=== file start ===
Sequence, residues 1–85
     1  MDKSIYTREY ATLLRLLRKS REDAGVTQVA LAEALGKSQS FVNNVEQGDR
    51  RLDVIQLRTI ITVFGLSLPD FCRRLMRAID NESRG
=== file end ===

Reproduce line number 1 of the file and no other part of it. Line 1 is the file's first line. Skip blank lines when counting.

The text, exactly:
Sequence, residues 1–85